Forty years later, survivors return to Iwo Jima, their painful memories in focus

I went out to KCET the other day for a preview screening of “Return to Iwo Jima,” a one-hour documentary that will be shown publicly on KCET at 10 tonight.

I was invited to the screening, I suppose, because I am a survivor of Iwo Jima, and this film is about survivors.

It is not about victory; it is not even about courage, though courage is always implied; it is about survivors, and how they have dealt with their memories of that obscenely bloody battle.

It focuses on four Americans and two Japanese survivors who took part, along with 300 others, in a return to Iwo Jima last February, on the 40th anniversary of the landing. The Japanese contingent included many widows, since there were so few Japanese survivors.


In case Iwo Jima has slipped your mind, it is a small island of volcanic rock and ash, only eight square miles in area, and shaped like a pork chop. It lies in the western Pacific halfway between Guam and Tokyo. Our high command decided we needed it as a haven for B-29s returning from Japan.

On the morning of Feb. 19, 1945, the greatest armada of the Pacific War surrounded Iwo, about 500 ships, and at 9 a.m. the first assault wave landed on the beach, moving behind a rolling barrage laid down by cruisers and battleships.

In 36 days, the island was secured. Of its garrison of 22,000 Japanese, only 1,000 survived. There were 25,851 American casualties, including 6,821 dead--one-third of all the Marines killed in the Pacific. The landing was more costly than the landing at Normandy.

Throughout “Return to Iwo Jima” the battle is recalled through clips of colored film shot by Navy photographers on the scene; watching this carnage we can only guess at the emotions of the American and Japanese survivors as they step once again on Iwo’s inhospitable soil.


The film focuses on these men, as individuals, as they try to express themselves; the bitterness, the guilt, the enmity; and finally, the feeling of forgiveness and reconciliation.

One of the Americans was shot in the face, and is still cruelly scarred, despite many operations. He has had to deal with self-hatred, hatred of the war and hatred of the enemy; but in the end, even he sheds a tear and shakes hands.

Another remembers a buddy whose legs were shot off, and how guilty he felt because he couldn’t help him. Another remembers how he had wanted to give something to a friend of his who was killed, and all he had to give him, when he stood at his grave, was a pen the friend had lent him.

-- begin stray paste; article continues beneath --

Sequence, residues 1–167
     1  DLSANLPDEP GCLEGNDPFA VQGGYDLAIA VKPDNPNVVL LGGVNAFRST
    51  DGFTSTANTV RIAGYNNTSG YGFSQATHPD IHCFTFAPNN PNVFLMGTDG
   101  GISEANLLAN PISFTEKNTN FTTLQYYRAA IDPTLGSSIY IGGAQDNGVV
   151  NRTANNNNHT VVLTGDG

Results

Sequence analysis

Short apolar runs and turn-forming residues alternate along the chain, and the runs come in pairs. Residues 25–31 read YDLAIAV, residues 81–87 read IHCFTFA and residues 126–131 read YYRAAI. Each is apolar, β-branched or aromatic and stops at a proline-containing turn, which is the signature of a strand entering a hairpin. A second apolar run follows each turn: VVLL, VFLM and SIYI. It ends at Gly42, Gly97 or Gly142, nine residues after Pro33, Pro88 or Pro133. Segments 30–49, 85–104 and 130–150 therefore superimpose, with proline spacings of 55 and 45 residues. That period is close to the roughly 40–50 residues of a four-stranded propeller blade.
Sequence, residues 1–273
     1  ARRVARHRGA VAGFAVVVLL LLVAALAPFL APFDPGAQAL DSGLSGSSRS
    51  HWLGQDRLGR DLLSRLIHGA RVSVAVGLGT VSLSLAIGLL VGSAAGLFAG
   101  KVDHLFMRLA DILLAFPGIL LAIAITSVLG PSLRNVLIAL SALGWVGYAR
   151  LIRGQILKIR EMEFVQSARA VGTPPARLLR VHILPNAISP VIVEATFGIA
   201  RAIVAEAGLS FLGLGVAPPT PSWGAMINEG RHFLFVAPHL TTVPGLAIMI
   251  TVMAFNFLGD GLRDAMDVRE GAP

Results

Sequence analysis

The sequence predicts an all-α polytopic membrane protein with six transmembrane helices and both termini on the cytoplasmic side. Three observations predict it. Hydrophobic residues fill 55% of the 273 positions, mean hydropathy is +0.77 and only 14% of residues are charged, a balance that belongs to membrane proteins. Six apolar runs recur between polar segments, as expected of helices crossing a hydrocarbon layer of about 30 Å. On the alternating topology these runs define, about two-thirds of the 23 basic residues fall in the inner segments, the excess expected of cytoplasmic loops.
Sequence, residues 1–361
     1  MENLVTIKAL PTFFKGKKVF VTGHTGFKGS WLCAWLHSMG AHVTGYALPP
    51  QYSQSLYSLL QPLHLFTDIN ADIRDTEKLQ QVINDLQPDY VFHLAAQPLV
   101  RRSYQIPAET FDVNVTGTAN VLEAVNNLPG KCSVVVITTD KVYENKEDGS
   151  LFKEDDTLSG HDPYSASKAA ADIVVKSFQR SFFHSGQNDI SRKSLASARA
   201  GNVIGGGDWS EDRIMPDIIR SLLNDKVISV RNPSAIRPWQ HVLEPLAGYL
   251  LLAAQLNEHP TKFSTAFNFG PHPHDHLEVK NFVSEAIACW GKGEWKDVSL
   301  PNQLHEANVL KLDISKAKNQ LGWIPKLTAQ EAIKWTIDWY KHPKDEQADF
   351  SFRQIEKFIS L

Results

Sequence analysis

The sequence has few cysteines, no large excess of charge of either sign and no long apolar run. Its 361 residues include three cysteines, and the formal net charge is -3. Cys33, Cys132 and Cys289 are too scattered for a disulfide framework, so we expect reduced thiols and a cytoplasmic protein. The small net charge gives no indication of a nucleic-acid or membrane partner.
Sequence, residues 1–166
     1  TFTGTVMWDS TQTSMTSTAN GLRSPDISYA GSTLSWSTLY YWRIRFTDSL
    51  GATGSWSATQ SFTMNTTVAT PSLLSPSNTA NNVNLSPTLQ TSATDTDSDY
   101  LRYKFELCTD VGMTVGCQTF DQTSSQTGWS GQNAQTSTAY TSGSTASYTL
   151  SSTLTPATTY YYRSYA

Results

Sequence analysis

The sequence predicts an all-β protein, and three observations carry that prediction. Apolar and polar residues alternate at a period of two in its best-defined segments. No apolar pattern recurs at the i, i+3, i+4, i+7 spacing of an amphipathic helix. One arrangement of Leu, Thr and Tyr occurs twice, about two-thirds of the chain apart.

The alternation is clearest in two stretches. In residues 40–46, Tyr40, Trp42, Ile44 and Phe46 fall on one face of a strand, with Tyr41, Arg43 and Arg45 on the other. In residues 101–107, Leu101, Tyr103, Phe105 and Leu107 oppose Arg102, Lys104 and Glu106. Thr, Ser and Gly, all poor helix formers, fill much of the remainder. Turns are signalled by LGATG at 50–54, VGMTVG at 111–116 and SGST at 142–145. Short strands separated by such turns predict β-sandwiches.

There was reason enough for bitterness on both sides. In the end, reluctantly, tearfully, choking as they try to say it, the survivors forgive--not only the enemy but themselves.


I think that is why so few men write well about their war experiences. The hard part is forgiving yourself.

Only the other day I received a letter from someone saying, “You were a Marine in the war, on Iwo Jima; why don’t you ever write about it?”

Well, I have written about it. Every now and then I throw it in--"I landed in the third wave on Iwo Jima”; that’s all I have to say; those are my credentials; I’ve paid my dues.

I have told some funny stories about it, and some poignant stories. But I haven’t told the story that bothers me the most, the one that gave me nightmares for many years.


We had just landed and three out of four of us were being hit.

The Japanese guns were making big shell holes in the beach, and we took shelter in these. Ironically, they saved our lives, since the Japanese guns were zeroed in on the beaches. Every square foot was covered.

I found myself in a hole with two other men. We were all scared and at the edge of panic. We didn’t know where our units were. Remembering that the plan had been to get off the beaches as soon as possible, and go forward, I said, “We’ve got to get out of this hole and move up. The Japs are zeroed in on this beach.”

The others agreed. I don’t know whether it was because they were privates and I was a sergeant. That shouldn’t have mattered. I wasn’t a line sergeant and had no authority to be giving orders. I was just a specialist, a combat correspondent.


But they nodded and started to scramble up the side of the hole. One after the other they went over the top and out. I started to follow. Just as I neared the top I heard a terrible clang; it felt as if a sledgehammer had hit my helmet. It knocked me back down a foot or two. I realized that a shell had landed out in front of the hole. Well, then, now was the time to go--before the next one came.

I scrambled up out of the hole and started running. One of my comrades had vanished; maybe he had made it; maybe he had been blown away. The other was off to one side. He was kneeling, as if in prayer. His upper clothing had been blown off, so that his chest was partly naked. He had no head.

I ran on to the safety of the next hole, and one way or another, I survived.

So now that I’ve got that off my chest, maybe I can forgive the Japanese and me.